"The substantial evidence test . . . applies not only to the [Commissioner's] findings of fact, but also to the inferences and conclusions of law to be drawn from such facts." Smith v. Shalala, 856 F. Supp. 118, 121 (E.D.N.Y. 1994) (internal quotations omitted). There are limits, however, upon the extent to which a reviewing court may permit an ALJ's conclusion to be based upon an unarticulated finding of fact or analysis, for it is the function of the Commissioner, and not a reviewing court, to pass upon the credibility of witnesses, and to set forth clearly its findings which form the basis for its decision. See Ferraris, 728 F.2d at 588; Berry, 675 F.2d at 469; Vasquez, 632 F. Supp. at 1563-64 (citation omitted).
A. Analysis under Step Three of the Evaluation Process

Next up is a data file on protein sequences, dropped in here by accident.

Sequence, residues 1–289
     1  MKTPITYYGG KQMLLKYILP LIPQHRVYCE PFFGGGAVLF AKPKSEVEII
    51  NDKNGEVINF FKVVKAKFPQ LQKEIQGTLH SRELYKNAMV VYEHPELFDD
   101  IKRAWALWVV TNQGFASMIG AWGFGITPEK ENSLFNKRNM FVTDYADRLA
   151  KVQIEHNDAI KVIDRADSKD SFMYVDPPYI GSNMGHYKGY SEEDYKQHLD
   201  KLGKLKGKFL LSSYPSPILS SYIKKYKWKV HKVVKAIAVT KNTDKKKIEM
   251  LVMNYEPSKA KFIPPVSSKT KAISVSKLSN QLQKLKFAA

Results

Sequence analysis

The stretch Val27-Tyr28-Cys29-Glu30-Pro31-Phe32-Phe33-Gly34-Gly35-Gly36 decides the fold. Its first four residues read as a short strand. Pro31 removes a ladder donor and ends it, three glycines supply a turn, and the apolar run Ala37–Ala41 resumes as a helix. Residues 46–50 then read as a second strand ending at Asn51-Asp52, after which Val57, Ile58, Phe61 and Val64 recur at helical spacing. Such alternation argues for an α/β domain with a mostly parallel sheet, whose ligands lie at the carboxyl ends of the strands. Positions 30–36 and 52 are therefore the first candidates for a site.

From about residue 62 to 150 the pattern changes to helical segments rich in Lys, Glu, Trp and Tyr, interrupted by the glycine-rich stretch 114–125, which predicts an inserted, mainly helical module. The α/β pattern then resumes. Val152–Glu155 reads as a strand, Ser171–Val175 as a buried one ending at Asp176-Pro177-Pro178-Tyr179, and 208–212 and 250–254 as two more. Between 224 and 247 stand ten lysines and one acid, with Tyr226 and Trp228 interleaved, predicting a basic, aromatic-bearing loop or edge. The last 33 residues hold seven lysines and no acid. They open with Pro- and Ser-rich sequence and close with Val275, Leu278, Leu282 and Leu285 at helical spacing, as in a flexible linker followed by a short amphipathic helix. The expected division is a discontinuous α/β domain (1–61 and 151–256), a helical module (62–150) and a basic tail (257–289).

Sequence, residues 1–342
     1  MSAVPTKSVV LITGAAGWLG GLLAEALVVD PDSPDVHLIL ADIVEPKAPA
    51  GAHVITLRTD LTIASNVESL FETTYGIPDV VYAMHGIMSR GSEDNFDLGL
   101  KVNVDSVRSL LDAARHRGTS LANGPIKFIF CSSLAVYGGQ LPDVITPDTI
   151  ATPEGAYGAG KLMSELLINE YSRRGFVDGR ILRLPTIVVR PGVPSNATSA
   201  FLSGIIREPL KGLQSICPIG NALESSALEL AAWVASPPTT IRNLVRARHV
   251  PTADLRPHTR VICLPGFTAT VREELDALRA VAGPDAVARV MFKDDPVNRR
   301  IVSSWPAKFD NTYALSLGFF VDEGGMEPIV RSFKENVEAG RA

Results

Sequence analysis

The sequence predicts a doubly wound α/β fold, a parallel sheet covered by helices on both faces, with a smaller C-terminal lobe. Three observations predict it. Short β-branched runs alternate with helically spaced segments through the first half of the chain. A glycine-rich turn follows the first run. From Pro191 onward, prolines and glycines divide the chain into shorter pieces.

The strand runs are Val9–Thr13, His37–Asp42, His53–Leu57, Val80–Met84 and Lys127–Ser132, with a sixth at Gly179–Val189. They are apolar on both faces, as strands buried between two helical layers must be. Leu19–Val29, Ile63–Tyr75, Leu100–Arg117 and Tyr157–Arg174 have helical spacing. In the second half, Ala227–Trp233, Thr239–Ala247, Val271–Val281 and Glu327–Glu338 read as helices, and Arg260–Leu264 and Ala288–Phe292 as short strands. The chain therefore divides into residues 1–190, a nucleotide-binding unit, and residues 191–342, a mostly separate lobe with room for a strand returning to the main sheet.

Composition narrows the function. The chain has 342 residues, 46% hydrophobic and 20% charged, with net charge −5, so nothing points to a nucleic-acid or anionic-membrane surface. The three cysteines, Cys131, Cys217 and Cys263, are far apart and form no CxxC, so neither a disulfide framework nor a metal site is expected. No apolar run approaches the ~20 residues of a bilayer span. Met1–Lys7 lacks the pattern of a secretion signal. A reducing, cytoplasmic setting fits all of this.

The petitioner first contends that the Commissioner improperly evaluated the medical evidence concerning whether his impairment is of a type listed within Appendix 1 of the regulations for purposes of the third inquiry in the Commissioner's evaluation process. See Berry, 675 F.2d at 467. Specifically, petitioner argues that he is per se disabled because his ailment meets the criteria set forth under 20 C.F.R. § 404, Subpart P, App. 1, § 1.12, which provides coverage for:
Fractures of an upper extremity with non-union of a fracture of the shaft of the humerus, radius, or ulna under continuing surgical management directed toward restoration of functional use of the extremity and such function was not restored or expected to be restored within 12 months after onset.